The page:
Usually, I gave instruction on an individual basis to each of the 8 students. Dr. Newton does not have time to do this, so it was important for me to be there. Each student will return to a poor rural hospital where Kenyan physician anesthesiolo- gists will not go because they won’t make enough money. Sound familiar?
Below are the promises that I made to you before I left for Africa. I had 2 occasions to address large groups of people, once while visiting a Masai church and once in the Hospital Chapel with all of the staff present. In both cases, I said that I represented the Congregation of Pasadena Presbyterian Church and I greeted them in your name. I said that you were praying for me and for those I met and, consequently, you were praying for them. In addition, I tried to share the gospel through my work and prayers and by example. I reported to the Evangemissions Committee and to you via e-mail and at each Sunday service. I performed all my teaching and patient care services without charge. I Promised To: l Faithfully represent you l Share the Gospel l Report to you l Provide my services without charge l Account for your money
Here is where the money went. Nearly all of it was used for travel expenses, but I had 45 dollars left over that I gave to an IDP outreach. l Evangemission Committee appropriation l Individual donations from congregation l Airfare l Visa l Overnight at Guest House l Contribution to IDP outreach l Self funding l Grand Total $ 500 1435 1435$1935$1807 50 50 33 33 45 45$1935$1789$3724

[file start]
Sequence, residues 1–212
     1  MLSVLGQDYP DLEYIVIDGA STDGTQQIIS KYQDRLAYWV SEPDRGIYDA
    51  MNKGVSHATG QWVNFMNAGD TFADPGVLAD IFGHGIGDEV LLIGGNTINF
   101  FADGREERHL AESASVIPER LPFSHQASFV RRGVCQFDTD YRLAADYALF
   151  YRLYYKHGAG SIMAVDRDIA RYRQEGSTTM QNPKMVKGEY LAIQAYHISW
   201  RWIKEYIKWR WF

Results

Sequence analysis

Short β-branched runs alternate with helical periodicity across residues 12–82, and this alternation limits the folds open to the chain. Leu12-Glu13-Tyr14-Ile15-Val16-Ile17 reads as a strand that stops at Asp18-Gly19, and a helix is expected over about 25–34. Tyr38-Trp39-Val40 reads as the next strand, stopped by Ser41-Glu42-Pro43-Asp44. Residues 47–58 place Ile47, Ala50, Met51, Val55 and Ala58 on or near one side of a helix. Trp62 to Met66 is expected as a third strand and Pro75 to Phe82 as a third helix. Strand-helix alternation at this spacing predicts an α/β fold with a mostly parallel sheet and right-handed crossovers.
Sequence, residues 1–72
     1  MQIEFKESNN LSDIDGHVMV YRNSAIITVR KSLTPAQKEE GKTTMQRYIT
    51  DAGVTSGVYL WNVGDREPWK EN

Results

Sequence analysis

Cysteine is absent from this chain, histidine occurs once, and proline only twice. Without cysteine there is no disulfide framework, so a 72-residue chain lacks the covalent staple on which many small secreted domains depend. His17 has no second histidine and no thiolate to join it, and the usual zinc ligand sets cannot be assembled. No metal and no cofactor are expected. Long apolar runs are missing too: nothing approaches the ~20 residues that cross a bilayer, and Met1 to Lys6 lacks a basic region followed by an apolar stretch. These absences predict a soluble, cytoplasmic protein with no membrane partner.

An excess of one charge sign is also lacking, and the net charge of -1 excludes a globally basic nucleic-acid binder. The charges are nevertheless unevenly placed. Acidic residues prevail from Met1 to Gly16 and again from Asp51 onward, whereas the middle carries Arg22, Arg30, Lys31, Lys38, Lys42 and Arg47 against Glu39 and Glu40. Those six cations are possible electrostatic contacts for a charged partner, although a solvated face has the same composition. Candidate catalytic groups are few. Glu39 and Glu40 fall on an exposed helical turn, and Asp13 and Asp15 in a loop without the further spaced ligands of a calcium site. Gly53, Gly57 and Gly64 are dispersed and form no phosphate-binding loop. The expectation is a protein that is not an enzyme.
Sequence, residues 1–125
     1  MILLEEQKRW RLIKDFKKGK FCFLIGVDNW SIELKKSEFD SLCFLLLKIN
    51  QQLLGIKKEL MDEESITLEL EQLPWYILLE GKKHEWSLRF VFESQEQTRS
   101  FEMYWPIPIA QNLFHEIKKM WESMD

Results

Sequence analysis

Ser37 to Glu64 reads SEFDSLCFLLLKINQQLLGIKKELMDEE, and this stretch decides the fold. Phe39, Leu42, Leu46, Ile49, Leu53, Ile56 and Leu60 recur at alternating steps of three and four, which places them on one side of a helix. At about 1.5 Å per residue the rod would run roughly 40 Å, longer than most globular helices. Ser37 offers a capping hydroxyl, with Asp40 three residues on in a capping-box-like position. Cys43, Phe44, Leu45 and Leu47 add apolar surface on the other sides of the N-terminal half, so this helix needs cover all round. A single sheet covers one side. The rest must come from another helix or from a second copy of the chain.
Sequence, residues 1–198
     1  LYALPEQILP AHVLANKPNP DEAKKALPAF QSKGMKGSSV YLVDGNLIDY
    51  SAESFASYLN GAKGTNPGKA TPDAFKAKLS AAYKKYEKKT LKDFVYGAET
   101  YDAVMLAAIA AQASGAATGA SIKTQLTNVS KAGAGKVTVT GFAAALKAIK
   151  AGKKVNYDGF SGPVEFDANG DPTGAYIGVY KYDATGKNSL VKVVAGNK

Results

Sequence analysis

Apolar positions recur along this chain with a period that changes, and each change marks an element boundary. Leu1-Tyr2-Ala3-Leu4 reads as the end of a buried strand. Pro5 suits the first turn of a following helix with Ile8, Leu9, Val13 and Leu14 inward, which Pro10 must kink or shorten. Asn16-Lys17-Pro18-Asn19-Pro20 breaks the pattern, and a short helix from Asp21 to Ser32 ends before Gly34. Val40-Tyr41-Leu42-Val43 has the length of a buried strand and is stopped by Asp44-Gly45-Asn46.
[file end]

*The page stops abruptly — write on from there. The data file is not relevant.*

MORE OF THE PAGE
This is an Internally Displaced Persons (IDP) camp located in the valley below the hospital. The white things are tents where the people live. The 2 black tanks hold the only water available. These people were driven from their homes in the tribal bloodshed following the last election. Kijabe Hospital staff and missionaries did an evangelistic and medical outreach the weekend after we left. They want to help the people to settle there and build permanent homes. I donated the small portion of your money not used for travel to this endeavor. I hope this is okay with you. This is an Internally Displaced Persons (IDP) camp located in the valley below the hospital. The white things are tents where the people live. The 2 black tanks hold the only water available. These people were driven from their homes in the tribal bloodshed following the last election. Kijabe Hospital staff and missionaries did an evangelistic and medical outreach the weekend after we left. They want to help the people to settle there and build permanent homes. I donated the small portion of your money not used for travel to this endeavor. I hope this is okay with you.
Here is our flock of KRNA students. They include John M, Rose, John N, Hosea, Jackson, Collins, Luke and Baraca. We thank you from the bottom of our hearts for your generous prayers and support. You have made a difference in Africa. God bless you all.